On the morning of July 7, 2017, Iraq war veteran Brian Brown-Easley entered an Atlanta Wells Fargo branch. Having been denied his disability check, Brown-Easley was fed up. He entered the bank armed with a note, a warning that he had a bomb. What followed was a hostage situation and a tense standoff between Brown-Easley and Atlanta police and SWAT. In Abi Damaris Corbin’s debut feature 892, we find a recreation of what happened that morning, and the tragic way one man’s life ended. With John Boyega commanding the screen in a terrific lead performance, the movie is viscerally tense. Good performances aside, the film ultimately feels like a re-tread of similar desperate man thrillers, but a very watchable one at that.

The tragic story of Brown-Easley’s final day is certainly reminiscent of a problem this country has yet to solve. Why should a man who served his country honorably be left homeless? Brown-Easley left the hotel he was staying in on that morning with the intention of getting his money back. He wasn’t interested in the money to be found in the Wells Fargo branch. His sole intention was making the VA do what it was designed to do; help him. Boyega does a lot of wonderful acting with his face in this movie. Capturing the mild-mannered man in a way that is ultimately hard to not empathize with.

The movie’s shortcomings don’t involve the character moments. Nor is it the visuals which are actually pretty solid, and capture the claustrophobia of being trapped in the bank. The camera always gives a wonderful sense of space within the bank. Rather, though we do get enough of Brown-Easley’s life to empathize, it rarely feels like we truly know him. A man pushed to the edge because the $892 that failed to appear in his account is ripe enough material to feel his pain. But, the movie never really gives us a portrait of what truly drove Brown-Easley into the bank beyond fiduciary reasons.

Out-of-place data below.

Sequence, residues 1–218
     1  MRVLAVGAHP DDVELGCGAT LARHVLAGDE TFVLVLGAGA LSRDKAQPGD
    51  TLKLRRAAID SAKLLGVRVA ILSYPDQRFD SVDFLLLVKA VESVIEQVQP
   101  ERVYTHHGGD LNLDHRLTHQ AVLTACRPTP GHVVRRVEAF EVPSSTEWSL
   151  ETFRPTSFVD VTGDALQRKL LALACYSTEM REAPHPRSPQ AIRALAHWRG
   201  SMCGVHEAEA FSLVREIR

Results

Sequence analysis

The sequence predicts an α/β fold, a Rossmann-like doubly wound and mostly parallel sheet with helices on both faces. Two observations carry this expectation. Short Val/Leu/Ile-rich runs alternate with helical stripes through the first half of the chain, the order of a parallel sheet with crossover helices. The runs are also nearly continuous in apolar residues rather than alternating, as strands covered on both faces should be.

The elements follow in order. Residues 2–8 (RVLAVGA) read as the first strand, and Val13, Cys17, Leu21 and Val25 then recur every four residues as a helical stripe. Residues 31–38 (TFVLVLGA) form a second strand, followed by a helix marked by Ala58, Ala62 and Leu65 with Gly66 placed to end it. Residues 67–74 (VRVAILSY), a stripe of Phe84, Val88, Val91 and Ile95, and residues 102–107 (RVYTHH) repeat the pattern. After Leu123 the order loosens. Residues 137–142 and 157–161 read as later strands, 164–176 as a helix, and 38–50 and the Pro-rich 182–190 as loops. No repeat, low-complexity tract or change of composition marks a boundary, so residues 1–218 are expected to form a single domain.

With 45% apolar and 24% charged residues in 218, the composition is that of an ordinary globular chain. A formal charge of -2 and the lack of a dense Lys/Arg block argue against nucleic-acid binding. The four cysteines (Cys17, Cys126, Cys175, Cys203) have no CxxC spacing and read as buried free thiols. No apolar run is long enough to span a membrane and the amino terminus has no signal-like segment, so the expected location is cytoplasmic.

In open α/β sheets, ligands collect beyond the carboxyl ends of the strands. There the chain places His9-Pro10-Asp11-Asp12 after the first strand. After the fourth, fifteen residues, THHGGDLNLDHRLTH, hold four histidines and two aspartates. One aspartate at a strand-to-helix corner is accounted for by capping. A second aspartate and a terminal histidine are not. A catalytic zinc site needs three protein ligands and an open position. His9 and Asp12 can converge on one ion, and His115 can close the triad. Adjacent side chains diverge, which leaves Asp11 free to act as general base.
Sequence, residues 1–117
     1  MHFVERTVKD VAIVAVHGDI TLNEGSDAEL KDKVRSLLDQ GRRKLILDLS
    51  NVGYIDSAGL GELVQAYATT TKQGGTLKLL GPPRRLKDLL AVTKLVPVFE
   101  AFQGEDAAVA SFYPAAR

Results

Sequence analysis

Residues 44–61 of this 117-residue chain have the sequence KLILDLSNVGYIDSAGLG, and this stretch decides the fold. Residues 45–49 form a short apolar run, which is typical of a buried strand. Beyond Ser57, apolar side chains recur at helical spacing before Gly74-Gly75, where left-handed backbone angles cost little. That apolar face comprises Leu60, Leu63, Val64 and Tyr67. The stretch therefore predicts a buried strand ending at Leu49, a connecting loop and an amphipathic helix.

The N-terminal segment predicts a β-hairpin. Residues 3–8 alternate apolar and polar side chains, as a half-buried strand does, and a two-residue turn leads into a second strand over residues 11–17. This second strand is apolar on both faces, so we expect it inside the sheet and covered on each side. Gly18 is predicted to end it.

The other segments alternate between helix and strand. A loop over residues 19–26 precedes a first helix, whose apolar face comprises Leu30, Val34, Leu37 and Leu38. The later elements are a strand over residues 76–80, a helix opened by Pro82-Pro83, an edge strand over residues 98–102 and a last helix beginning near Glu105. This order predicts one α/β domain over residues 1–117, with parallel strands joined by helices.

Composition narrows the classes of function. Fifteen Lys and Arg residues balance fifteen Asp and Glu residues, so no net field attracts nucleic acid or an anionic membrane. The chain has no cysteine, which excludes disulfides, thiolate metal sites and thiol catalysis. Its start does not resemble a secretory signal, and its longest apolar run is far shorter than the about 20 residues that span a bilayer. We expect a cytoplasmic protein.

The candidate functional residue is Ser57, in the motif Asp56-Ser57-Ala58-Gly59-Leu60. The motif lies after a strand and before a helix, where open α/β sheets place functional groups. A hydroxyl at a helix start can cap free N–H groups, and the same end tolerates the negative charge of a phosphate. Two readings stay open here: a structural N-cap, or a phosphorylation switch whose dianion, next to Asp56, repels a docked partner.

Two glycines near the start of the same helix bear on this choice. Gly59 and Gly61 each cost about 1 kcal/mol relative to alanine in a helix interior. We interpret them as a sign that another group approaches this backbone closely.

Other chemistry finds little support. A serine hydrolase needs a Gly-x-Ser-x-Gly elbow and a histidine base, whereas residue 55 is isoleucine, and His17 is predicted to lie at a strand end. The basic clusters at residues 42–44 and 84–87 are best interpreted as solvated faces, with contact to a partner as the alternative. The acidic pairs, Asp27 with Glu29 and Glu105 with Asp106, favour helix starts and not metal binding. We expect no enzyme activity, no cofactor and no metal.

Brian’s possible mental health issues are certainly hinted at but feels incomplete. For as mild-mannered and respectful as he is towards the bank tellers he keeps hostage, it’s hard to wonder what truly would drive him to commit such an act. Maybe that is the intention. The mere inference of his paranoia is likely meant to connect that thread. But Corbin’s script, co-written by Kwame Kwei-Armah, doesn’t ever feel like it truly dives deep enough into the characters psyche and motivations. Ultimately, it leaves the film feeling a bit incomplete as a result.

The supporting cast is also quite excellent. In particular Nicole Beharie who gives two great performances in Sundance premieres this year. Beharie plays the bank’s manager who very calmly helps Brian and her co-worker remaining in the building played by Selenis Leyva. Beharie conveys the terror she’s feeling below her calm exterior presence with her eyes. The film also features the late Michael Kenneth Williams who also turns in a good performance as a police negotiator. Connie Britton also appears in the film as a TV reporter whom Brian calls to tell his story too. The scenes with Britton are largely forgettable and certainly not the stronger parts of the film.

Through exploring the current VA crisis, Corbin’s debut film holds some promise for the future. Her visual style is quite good, and the parts of her script that work are done pretty well. And yet, the feeling of the story being incomplete did weigh on me a bit by the time the credits rolled. In addition, the movie does lose focus of Brian’s perspective along the way. We see the police captain managing the PR side, the news station striving to not exploit the situation for ratings and even the story of his ex-wife and daughter. The latter of those plot lines is emotionally effective but like the other side stories it sort of feels out of place. 892 is definitely thrilling and an impactful story, even if it never really pushes itself beyond the surface of its real life drama.

Note: 892 premiered at the 2022 Sundance Film Festival and is currently seeking distribution. No U.S. release date has been announced.